By Ellyn McMullin, Research Associate
Unlocking Big Data to Achieve Business Value
Of the many workshop type of meetings I have attended, this is the best one I have gone to…there was an actual success story! This is the feedback from one participant at the Executive Roundtable on Big Data in Life Sciences.
That’s what happens when a leading business transformation company provides an environment for its clients and partners to discuss mutual concerns and potential solutions. On August 27th, Trace3 brought together Executives from Merck, Novo Nordisk, NNIT, BMS, and J&J Janssen to discuss Big Data in Life Sciences in Princeton, NJ.
Trace3 is a business transformation partner, helping organizations through high-end consultancy. The company empowers organizations to keep pace with the rapidly changing IT landscape by leveraging innovative technologies and organizational health. Trace3 has a Big Data practice and had one of their principals, Carey Moretti, moderating the roundtable.
The Executive Roundtable explored the challenges and rewards of implementing Big Data and analytics within the complex regulated Life Sciences space. Axendia’s President discussed industry wide trends and FDA’s perspective on Big Data. He offered insight on how to leverage a multitude of varying data sources from new and legacy systems to gain greater visibility and how to improve product quality while improving revenue and lowering costs.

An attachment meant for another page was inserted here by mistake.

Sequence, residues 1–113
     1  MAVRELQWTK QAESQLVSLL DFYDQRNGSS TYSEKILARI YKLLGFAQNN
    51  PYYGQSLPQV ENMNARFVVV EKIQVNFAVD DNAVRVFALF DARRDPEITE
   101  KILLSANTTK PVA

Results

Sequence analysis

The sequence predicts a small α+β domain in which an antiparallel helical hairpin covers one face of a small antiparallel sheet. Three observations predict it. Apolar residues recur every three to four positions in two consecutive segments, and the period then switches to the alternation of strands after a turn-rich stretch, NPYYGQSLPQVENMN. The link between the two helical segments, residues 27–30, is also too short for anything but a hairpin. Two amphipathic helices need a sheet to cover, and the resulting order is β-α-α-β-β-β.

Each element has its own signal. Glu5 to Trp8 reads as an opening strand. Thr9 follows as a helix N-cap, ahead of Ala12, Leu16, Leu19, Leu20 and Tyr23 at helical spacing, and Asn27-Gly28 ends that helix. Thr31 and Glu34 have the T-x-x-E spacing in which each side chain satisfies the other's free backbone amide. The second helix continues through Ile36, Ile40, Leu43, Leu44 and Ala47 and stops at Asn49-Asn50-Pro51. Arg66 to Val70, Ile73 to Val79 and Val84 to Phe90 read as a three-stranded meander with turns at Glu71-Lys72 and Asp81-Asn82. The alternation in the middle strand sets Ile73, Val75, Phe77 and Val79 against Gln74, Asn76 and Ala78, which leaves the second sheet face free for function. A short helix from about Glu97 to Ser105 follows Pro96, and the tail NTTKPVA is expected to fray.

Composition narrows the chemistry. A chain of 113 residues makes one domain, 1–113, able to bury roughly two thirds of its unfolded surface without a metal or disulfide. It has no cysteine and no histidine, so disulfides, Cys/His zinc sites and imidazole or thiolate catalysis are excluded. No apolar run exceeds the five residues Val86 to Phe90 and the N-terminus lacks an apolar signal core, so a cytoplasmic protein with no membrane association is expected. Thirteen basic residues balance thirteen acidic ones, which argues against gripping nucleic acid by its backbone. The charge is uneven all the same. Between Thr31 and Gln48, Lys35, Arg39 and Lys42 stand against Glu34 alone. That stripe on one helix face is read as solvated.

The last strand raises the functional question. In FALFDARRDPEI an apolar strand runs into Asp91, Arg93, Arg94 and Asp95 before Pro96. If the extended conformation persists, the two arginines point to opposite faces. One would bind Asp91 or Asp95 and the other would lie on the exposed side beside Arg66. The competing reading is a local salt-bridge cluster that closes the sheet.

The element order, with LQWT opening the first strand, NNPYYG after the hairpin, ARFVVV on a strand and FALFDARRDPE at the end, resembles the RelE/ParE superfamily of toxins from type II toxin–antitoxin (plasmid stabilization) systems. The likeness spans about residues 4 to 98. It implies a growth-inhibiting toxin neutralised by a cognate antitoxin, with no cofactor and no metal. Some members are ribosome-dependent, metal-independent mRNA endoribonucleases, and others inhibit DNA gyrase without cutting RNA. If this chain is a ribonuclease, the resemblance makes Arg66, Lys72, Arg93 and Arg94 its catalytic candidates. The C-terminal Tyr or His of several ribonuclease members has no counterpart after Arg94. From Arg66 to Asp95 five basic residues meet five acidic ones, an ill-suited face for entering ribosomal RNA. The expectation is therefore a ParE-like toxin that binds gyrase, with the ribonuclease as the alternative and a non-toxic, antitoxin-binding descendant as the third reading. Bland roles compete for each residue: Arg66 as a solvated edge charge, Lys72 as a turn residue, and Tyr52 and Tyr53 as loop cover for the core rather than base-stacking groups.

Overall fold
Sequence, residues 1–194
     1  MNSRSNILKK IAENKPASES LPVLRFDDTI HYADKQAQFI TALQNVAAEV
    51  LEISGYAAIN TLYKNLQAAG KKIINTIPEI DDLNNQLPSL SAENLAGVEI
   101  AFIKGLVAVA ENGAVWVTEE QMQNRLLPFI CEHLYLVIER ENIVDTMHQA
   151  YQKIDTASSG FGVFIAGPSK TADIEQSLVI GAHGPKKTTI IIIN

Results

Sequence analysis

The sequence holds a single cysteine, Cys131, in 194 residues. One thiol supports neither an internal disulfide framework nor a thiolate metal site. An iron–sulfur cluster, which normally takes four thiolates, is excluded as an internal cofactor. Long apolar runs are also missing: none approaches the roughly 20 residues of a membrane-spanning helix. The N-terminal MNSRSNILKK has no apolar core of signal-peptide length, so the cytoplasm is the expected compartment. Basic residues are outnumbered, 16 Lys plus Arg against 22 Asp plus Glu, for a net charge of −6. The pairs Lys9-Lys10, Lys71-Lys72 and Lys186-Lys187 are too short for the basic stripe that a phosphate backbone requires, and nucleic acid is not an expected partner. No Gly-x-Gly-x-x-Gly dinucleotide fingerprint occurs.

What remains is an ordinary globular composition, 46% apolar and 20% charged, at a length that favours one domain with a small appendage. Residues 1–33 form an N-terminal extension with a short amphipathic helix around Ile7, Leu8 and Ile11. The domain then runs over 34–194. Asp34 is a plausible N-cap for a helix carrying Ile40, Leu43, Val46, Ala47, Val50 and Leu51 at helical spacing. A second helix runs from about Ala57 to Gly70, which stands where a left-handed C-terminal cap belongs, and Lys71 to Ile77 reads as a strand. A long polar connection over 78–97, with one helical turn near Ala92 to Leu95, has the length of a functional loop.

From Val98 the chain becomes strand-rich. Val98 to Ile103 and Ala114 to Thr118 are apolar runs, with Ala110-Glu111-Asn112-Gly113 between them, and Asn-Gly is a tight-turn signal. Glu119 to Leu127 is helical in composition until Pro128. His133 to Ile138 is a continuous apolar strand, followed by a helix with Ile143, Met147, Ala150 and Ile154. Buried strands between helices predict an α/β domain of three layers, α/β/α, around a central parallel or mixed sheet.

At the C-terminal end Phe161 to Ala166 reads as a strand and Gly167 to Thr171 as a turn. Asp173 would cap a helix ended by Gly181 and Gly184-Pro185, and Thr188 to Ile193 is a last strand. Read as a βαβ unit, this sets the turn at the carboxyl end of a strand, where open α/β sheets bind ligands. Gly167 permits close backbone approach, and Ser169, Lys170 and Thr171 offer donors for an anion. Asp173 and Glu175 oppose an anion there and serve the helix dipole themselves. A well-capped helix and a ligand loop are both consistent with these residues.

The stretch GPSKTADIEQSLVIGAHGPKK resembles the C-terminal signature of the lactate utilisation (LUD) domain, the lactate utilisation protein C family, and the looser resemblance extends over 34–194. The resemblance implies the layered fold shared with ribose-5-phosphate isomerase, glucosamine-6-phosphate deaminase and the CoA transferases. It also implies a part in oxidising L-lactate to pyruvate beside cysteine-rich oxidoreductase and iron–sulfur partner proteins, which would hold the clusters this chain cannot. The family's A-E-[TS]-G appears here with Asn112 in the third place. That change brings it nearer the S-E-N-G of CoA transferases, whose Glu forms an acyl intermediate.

Jerry Megaro, Merck & Co.
The keynote speaker, Jerry Megaro, Director of Innovation and Analytics at Merck & Co. has a degree in Chemical Engineering from NJIT and 15 years of experience of working in Merck’s Manufacturing arena. He is currently leading initiatives to transform Merck Manufacturing into a data driven organization to enhance Merck’s performance across the Supply Chain.
Reverse the DRIP
Remember GIGO (Garbage in, Garbage out)? It refers to the fact that computers, since they operate by logical processes, will unquestioningly process unintended input data (“garbage in”) and produce undesired, often nonsensical, output (“garbage out”). The issue about the quality of the data generally is no longer a major concern, but the use of the data output is. Unfortunately many companies are the sufferers of DRIP! DATA RICH INTELLIGENCE POOR
Life-Science companies have vast amounts of data (Big Data) generated by a multitude of systems (SCADA, Historian, MES, ERP, EAM, LIMS, etc.) but unfortunately have very little Intelligence on how this information can be harnessed to produce a better quality product.
To request a copy of the Executive Roundtable event note and learn how Merck & Co., Unlocked Big Data to Achieve Business Value, please click here.